In November 2013, Klaus Wiedner, head of pensions and insurance at the directorate general internal market, said its plan included solving cross-border issues and creating a framework that allowed pension funds to grow.“Retention of the fully funded requirement will not help attain that objective and would hamper IORPs’ willingness to engage in cross-border activities,” Roberts said. “And removal would make cross-border IORPs less expensive and less burdensome by aligning the rules to those for domestic IORPs.“Respondents to a green paper previously mentioned the full funding requirement as a major obstacle to cross-border activity. It also would have been coherent with overall EU policy in the pensions area, the Europe 2020 strategy and the green paper on long-term investment.“This option is not expected to generate costs. On the contrary, it is expected to generate significant gains. In particular, it will provide significant economic benefits to employees, employers and IORPs.”However, responding to an IPE question regarding the last-minute decision by the Commission to maintain the status quo, Wiedner said the Commission foresaw potential obstables in cross-border provision if full funding requirements were dropped.“We thought that, on balance, it was still better to keep that fully funded requirement because we obviously want cross-border trade, we want to make sure it is a sound cross-border provision of services,” he said.The initional inclusion of relaxed funding requirements was widely welcomed by the European pensions industry.Hans van Meerten of Clifford Chance in the Netherlands said that, despite the Directive being a positive step forward, the keeping of full funding requirements was disappointing.“The lobby has tried very hard to keep the pillar one [solvency] requirements out of the Directive, and the result is that we are faced with one that promotes the further shift to individual DC,” he said.Paul Bonser, head of the cross border consulting team at Aon Hewitt, said the move was effectively “discrimination”, as the Commission continued to treat cross-border pensions more harshly than others.“It is effectively discrimination, which the Commission is trying so hard to erase in most other areas,” he said.“Many within the pensions industry will question why this was reintroduced from the previous leaked version that was recently in circulation.“This will undoubtedly continue to limit the ability of multinationals, headquartered in certain markets such as the UK, Netherlands, Germany and Ireland, to use their home country pension funds for cross-border activity.” The confirmed retention of the need for cross-border pension schemes to be fully funded runs contrary to the European Commission’s aims for retirement provision in the union, experts have said.The Commission today published the newly revised IORP Directive, and while no change was made to cross-border funding, it represented a last-minute change of heart.Initial drafts included the provision for pension schemes operating in two or more member states to be regulated by the same standards as single-border schemes, in essence creating a provision for unfunded cross-border activity.Dave Roberts, senior consultant at Towers Watson, said the industry’s expectation was not wishful thinking, but rather believing a stance made by the Commission itself.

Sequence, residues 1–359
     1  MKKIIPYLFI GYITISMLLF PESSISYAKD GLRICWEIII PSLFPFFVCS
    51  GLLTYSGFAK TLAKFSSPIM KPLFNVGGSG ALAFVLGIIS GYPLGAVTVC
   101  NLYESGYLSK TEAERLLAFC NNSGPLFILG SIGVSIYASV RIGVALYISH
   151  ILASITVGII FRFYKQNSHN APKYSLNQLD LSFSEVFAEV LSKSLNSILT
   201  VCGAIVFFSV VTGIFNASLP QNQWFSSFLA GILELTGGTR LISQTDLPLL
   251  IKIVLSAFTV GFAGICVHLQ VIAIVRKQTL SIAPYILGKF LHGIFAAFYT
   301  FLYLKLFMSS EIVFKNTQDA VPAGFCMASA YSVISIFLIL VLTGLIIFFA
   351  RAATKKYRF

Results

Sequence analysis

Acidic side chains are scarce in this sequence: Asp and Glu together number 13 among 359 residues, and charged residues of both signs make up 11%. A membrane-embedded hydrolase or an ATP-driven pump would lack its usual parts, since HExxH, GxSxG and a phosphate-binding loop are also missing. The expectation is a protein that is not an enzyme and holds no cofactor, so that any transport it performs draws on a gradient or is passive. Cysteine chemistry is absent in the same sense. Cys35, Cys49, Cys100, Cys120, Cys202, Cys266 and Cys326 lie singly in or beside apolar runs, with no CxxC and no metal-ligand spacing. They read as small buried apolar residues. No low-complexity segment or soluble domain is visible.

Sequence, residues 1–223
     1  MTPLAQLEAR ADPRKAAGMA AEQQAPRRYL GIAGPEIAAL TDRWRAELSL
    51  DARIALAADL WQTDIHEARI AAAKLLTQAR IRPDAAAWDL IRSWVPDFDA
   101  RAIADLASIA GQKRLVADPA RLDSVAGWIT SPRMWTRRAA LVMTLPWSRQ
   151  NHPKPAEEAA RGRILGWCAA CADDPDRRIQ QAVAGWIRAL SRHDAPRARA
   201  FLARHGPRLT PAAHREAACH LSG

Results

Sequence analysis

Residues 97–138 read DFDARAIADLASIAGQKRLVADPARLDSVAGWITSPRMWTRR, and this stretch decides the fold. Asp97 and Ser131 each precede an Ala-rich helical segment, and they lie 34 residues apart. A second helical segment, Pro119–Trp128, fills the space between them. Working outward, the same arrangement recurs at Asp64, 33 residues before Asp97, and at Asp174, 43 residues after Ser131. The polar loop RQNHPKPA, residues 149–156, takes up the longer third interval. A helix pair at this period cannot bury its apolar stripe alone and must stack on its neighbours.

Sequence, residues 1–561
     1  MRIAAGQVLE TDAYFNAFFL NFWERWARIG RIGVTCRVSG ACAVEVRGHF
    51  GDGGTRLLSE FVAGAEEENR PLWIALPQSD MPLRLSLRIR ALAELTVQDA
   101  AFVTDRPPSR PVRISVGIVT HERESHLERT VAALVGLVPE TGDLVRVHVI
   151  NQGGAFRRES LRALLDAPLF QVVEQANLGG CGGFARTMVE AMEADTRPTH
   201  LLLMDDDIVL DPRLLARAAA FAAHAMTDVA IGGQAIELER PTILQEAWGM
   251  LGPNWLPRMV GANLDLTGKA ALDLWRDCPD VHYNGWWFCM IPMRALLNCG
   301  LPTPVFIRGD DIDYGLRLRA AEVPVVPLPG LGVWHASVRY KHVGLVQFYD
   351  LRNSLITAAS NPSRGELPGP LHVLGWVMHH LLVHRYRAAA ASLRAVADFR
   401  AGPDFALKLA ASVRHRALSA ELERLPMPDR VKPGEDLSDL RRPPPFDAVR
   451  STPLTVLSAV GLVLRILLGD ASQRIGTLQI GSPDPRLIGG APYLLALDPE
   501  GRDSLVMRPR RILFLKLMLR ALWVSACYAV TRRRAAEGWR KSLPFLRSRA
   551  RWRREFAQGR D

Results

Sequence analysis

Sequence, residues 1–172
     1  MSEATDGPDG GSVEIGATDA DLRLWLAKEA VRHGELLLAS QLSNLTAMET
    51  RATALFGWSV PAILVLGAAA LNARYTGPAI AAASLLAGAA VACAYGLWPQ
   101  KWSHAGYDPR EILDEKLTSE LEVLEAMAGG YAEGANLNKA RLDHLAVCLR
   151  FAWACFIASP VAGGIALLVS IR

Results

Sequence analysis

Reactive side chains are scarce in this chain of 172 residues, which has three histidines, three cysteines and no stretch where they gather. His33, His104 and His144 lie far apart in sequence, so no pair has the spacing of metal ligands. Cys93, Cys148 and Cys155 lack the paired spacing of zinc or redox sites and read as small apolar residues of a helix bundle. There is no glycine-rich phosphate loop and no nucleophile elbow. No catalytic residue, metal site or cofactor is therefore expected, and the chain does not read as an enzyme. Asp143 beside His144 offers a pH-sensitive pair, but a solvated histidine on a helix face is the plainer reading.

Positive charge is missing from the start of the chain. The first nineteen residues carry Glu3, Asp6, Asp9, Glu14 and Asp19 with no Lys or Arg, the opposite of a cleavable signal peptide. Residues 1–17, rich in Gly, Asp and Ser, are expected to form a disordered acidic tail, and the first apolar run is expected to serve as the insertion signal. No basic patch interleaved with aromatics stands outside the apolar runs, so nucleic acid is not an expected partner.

“If I hedged the currency, I can also stay in Germany,” he added.The managing director also spoke fondly of the opportunities afforded to it by leveraging its direct real estate investments, at one point saying leverage of 70% could be possible.“Why not? If interest rates are rising, I pay back the leverage,” he told delegates.He said that the WPV, which receives annual contributions of around €170m a year, could simply use some of these cashflows. As a result, he argued there was no risk to the fund, as any negative impact from the leverage could simply be paid off.Korfmacher also said that the fund was interested in infrastructure debt, and had already sought exposure to infrastructure equity.“Of course, we’d only invest in infrastructure debt through funds – we are too small to think about doing direct investments.“I think infrastructure is the asset class of the future,” he said, noting that in the absence of bank loans, infrastructure would be a good substitute. The managing director of Germany’s pension fund for auditors and chartered accountants (WPV) has questioned why the €2.3bn fund should invest in overseas property if the cost of hedging the investment exceeds its benefits.Hans-Wilhelm Korfmacher told the IP Real Estate Global Awards in Munich last week that he had, on several occasions in the past, considered diversifying WPV’s real estate exposure into new markets such as Australia.“I was really convinced,” he said of a potential investment in Australia. “It was good timing, I liked the country, I liked the market, I liked the legal system – I liked everything, but I didn’t like the cost of currency hedging.Korfmacher said that he had therefore decided not to proceed with the Australian investment. “In some countries, I cannot afford to hedge – for example Australia, it’s too expensive.